Independent thesis Advanced level (degree of Master (Two Years)), 80 credits / 120 HE credits
Fuel Cells are important forms of sustainable power generation and Biofuel Cells
utilize the use of bio-compatible/biodegradable molecules as fuels. Glucose is an
ideal candidate to serve this purpose. In this project, a Glucose Fuel Cell (GFC) has
been fabricated using the nanomaterials developed in the lab. The skeletal system
of this GFC is a three-layered structure; a Membrane Electrode Assembly (MEA)
composed of carbon electrodes (anode and cathode) and a Poly Vinyl
Alcohol/Poly Acrylic Acid (PVA/PAA) polymer electrolyte. Gold and Silver (Au and
Ag) nanoparticles are utilized as catalyst on the anode and cathode respectively,
which are prepared by the use of green chemistry practice. One of the GFC has
been compacted under hot press and the other non-hot pressed. ,which led to
different surface areas. For the validation of the GFC stacks, the glucose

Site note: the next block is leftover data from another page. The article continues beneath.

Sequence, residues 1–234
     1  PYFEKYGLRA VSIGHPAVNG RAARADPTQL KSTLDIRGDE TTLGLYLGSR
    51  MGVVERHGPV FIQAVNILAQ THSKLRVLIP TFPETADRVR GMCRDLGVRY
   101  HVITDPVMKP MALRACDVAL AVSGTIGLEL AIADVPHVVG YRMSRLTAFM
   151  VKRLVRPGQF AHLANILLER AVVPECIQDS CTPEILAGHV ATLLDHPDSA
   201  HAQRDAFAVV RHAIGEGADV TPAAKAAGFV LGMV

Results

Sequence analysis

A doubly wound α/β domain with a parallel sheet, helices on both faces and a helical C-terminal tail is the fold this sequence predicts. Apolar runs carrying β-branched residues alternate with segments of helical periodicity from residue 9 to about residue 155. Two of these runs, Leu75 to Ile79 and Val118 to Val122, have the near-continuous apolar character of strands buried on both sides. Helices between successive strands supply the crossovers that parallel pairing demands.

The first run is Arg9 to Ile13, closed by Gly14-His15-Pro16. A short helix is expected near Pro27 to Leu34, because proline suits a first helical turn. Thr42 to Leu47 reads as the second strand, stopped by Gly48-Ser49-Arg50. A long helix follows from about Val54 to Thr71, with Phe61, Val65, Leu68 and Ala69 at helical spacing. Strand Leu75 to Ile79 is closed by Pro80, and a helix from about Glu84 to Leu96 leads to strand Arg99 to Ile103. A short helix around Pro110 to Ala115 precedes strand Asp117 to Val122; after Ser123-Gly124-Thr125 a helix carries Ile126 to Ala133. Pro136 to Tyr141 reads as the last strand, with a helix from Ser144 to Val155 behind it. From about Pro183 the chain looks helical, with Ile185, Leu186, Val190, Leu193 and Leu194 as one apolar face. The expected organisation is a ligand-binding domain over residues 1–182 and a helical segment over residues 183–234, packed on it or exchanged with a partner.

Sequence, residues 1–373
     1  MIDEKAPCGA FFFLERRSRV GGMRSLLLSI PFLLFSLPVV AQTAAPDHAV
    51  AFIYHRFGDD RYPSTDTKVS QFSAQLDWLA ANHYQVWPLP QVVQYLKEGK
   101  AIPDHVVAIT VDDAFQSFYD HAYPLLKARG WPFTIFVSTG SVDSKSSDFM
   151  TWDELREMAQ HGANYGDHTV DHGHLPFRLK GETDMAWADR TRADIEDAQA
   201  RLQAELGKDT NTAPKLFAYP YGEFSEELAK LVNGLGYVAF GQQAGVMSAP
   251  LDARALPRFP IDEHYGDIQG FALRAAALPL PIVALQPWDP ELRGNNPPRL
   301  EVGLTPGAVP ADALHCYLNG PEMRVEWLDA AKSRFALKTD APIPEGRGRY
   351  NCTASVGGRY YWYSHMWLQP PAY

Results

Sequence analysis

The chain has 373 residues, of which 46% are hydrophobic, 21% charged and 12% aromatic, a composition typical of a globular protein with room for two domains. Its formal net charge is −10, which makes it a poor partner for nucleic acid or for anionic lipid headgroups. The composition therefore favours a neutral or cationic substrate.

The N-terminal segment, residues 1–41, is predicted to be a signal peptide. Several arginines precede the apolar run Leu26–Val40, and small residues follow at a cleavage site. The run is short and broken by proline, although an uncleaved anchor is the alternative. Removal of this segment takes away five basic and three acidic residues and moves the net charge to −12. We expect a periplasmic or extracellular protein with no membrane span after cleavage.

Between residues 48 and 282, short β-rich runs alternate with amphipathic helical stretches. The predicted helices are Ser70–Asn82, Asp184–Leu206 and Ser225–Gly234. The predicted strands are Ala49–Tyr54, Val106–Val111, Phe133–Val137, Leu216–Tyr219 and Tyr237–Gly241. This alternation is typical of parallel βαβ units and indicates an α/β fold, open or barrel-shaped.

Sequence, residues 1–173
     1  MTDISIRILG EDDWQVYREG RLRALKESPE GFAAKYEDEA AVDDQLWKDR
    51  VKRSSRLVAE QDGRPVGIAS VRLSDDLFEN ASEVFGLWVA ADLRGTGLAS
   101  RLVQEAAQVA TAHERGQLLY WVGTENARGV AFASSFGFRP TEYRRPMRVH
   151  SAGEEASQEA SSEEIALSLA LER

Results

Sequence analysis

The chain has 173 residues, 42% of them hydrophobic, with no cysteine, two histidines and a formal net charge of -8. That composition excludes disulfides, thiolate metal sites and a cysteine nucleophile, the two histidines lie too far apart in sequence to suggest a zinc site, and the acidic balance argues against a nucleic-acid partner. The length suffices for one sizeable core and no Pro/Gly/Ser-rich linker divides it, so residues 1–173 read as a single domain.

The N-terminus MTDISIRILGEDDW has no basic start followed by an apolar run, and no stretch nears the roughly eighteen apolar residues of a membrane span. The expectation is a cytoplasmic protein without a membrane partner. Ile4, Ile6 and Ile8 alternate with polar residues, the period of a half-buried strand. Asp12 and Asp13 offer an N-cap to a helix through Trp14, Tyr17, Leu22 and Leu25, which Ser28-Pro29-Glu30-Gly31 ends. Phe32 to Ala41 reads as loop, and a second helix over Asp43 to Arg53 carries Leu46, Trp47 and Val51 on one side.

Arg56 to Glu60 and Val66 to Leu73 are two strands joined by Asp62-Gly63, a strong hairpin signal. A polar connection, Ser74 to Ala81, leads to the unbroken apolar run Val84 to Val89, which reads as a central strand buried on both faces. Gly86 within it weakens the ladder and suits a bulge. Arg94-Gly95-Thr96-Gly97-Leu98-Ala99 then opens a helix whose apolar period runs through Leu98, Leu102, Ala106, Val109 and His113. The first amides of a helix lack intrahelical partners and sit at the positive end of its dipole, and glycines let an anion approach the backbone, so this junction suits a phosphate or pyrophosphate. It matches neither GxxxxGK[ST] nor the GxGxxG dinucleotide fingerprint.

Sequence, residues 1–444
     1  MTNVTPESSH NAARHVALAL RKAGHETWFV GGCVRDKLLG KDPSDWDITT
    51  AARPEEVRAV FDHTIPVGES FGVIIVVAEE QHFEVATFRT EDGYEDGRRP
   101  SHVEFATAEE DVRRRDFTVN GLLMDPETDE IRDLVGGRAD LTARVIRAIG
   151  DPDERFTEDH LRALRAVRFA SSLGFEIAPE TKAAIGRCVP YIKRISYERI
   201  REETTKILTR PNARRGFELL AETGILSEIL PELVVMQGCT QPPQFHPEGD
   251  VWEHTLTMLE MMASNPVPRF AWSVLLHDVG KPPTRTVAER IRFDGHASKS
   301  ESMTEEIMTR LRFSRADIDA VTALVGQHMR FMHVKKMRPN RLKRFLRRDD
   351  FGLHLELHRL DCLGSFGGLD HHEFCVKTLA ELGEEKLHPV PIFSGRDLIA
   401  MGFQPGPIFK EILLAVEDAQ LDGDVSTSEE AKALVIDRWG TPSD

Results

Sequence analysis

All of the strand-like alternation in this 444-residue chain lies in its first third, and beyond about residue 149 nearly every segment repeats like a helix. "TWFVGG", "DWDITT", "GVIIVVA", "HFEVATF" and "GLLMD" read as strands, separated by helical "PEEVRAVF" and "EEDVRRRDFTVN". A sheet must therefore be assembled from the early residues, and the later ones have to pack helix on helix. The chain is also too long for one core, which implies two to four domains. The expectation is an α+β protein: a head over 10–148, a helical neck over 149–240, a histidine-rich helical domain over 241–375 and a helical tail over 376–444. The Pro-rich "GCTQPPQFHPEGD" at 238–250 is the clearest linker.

concentration was selected around biologically available levels, i.e at 400 mg/dL
in both the cases. One trial on hot pressed membrane with 200 mg/dL of glucose
is also studied. Short Circuit Current (SCC) and Open Circuit Voltage (OCV) were
measured following which the voltages and currents were measured across load
resistances. The Thermal Gravimetric Analysis (TGA) and Differential Scanning
Calorimetry (DSC) studies were carried out on the membrane while the electrodes
were characterized by Scanning Electron Microscopy (SEM). UV-Vis studies were
carried out on the Au and Ag nanoparticle suspension before and after
impregnation of carbon cloth electrodes. Inductively Coupled Plasma Optical
Emission Spectrometer (ICP-OES) has been utilized to estimate the concentration
and thus the number of nanoparticles adsorbed on the surface of the carbon
cloth. The variations of output current with the thickness of the membranes were
studied. The assembly containing the catalytic particles showed power levels
ranging between 128.7 nW-332.2 nW in the glucose concentration of 400 mg/dL.
Rigorous efforts are under process to scale down the power consumption of
electronics to extremely low levels. GFCs could be used as power generators in
such devices. The inexpensiveness of the fuel is a remarkable factor.
2014. , 77 p.
Ye, Fei, Dr.
Toprak, Muhammet S, Assoc. Prof.